Donald Trump, the real estate tycoon, loved to buy stuff: brownfield lots; skyscrapers; casinos. Donald Trump, the US president, apparently loves to buy countries. A Wall Street Journal report revealing rumours about Trump’s alleged willingness to purchase Greenland – the world’s largest island and an autonomous part of the Kingdom of Denmark – has triggered immediate rebuffs from both Copenhagen and the Greenlandic government. “Of course, Greenland is not for sale,” a spokesperson for Greenland’s premier Kim Kielsen wrote in an emailed statement.
The timing of the story – coming ahead of Trump’s official visit to Denmark in early September – is weird enough to elicit suspicions that the president might just be trolling. But his interest in establishing a stronger American presence in Greenland is likely genuine. The melting of ice sheets in Greenland and across the Arctic is a global tragedy, but for steely policymakers in Washington it is also an opportunity.
An iceless Arctic would open up new trade routes; it would make natural resources accessible (US government estimates expect 22 per cent of the world’s natural gas and oil to be in the Arctic); and would kick-start a new era “for expanded great power competition and aggression,” as declared in the US Department of Defence’s 2019 Arctic Strategy.
Essentially, everyone from Russia to China to Canada and the Nordics is swooping down on the Arctic to suck up its oil and engage in some muscle-flexing; the US does not want to miss the party. Its only Arctic foothold, Alaska, might not be enough.
“It is logical for Trump to be interested in Greenland,” says Elisabeth Braw, an associate fellow at the Royal United Services Institute. “It is between the Russian Arctic and the East Coast of the US. It’s essentially on the other side of the globe [from Alaska].” The US already has a military presence in Greenland, the Thule Air Base, an air force installation built back in 1943. (Shortly afterwards, in 1946, the Truman administration also tried to buy Greenland from Denmark for $100 million (£82m); Denmark refused.)
So, what’s going on now? According to Lassi Heininen, a professor emeritus at the University of Helsinki, “the trigger” of Trump’s shopping fancy might have been, in a word: China. Over the last few years, Chinese economic presence on the island has been burgeoning.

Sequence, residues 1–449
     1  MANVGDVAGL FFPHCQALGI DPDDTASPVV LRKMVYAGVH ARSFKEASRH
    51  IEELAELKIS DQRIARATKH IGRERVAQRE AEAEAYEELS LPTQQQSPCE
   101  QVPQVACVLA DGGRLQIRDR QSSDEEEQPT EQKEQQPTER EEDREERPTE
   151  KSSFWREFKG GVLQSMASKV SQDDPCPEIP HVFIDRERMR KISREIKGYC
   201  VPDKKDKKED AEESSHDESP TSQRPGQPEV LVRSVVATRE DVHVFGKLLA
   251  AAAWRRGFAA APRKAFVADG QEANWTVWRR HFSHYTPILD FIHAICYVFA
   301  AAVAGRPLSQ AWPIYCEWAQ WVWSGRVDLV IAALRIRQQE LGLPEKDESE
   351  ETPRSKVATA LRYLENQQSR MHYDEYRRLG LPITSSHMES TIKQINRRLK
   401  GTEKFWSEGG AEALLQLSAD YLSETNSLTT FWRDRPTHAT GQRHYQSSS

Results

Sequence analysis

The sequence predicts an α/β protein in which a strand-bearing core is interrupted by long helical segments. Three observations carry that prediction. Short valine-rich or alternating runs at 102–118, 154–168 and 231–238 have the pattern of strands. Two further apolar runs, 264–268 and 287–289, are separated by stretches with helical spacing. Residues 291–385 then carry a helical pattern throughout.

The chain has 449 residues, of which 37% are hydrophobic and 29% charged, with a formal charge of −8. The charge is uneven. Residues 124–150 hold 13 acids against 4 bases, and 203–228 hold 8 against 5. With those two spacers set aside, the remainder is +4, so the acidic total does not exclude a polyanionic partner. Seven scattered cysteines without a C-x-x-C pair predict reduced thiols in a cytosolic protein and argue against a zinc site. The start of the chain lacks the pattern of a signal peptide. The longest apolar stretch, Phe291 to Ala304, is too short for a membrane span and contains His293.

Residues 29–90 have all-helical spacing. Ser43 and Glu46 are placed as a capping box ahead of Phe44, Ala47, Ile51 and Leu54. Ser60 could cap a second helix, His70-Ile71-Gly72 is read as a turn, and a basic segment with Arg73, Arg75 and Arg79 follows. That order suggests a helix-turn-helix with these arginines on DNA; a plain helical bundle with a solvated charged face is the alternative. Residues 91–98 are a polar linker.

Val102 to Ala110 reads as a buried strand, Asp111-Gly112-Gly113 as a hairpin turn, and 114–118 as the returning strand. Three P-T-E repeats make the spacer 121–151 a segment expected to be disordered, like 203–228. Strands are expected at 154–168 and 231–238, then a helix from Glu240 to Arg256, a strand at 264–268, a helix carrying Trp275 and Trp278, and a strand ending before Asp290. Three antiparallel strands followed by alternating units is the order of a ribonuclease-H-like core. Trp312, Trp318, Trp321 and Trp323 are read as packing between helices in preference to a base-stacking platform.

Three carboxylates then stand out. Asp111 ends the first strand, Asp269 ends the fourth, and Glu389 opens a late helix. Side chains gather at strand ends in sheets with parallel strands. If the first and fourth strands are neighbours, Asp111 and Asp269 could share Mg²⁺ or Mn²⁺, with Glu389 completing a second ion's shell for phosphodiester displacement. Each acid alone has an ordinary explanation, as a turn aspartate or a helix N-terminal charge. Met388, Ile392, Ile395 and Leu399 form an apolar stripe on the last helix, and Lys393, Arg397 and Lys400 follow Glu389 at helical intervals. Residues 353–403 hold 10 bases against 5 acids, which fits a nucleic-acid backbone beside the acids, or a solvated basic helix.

“Chinese companies have been investing a lot in various enterprises in Greenland, especially in mining. China is now a very notable presence in Greenland,” Braw says. In 2017, Denmark nixed a Chinese mining company’s bid to buy an abandoned naval base in Greenland, worried that Beijing could use that as a springboard to establish a military presence. That incident might have roused the US’s interest in Greenland.
“[Buying Greenland] might be an easy way of competing with China and making it extremely difficult for Chinese companies to be active in Greenland,” Braw says.
One fact that makes that scenario improbable is that “to buy” is an awkward verb to use in this context. Sure, the US bought Louisiana from France, for $15m (£12m), in 1803; it bought Alaska from Russia, for $7.2m (£6m), in 1867; and snapped up the Virgin Islands, paying Denmark itself $25m (£20) in gold in 1916. But today, the idea that countries, and the people in them, can just be bought like potato fields sounds insensitive and sinister.
“Donald Trump’s alleged idea of buying Greenland seems to be rooted in an outdated worldview, where colonial masters exchange pieces of land,” says Marc Jacobsen, a senior fellow at The Arctic Institute. The principle of self-determination of peoples means that it would be for the Greenlanders to decide whether to become part of the US, rather than for the Danish government to accept or reject a Trump’s cheque.
“Such a proposal should be addressed to [Greenland’s capital] Nuuk, not Copenhagen,” Jacobsen says.
Wording apart, if Trump was serious about having Greenland join the US, the feat could be theoretically pulled off. Since 2009, the island has enjoyed self-governing status, and it has been slowly but steadily marching on a path to independence since. The law allows for full independence to be achieved through a referendum; what has been holding Greenland’s 56,000 citizens from going solo is that the country’s budget depends heavily on Danish aid.
Every year, Copenhagen sends up to the Arctic territory about $591m (£486m) in subsidies. As The Atlantic underlined, the US shells out an average amount of $12 billion (£9.8bn) on grants to each of its 50 states every year. Having to bankroll Greenland’s finances wouldn’t be too dramatic for Washington. Trump’s best bet would be to try and lure Greenland first to independence, and then to joining the US, by promising a generous subsidy scheme.
Of course, this is probably never going to happen, not least because of the brash undertones of Trump’s alleged designs on the country. It is worth wondering how a buyout proposal would be received if it came from someone like Barack Obama, or Bernie Sanders, the democratic presidential hopeful who has often sung the praises of Nordic social democracy. The US-Greenland shopping saga is not over.
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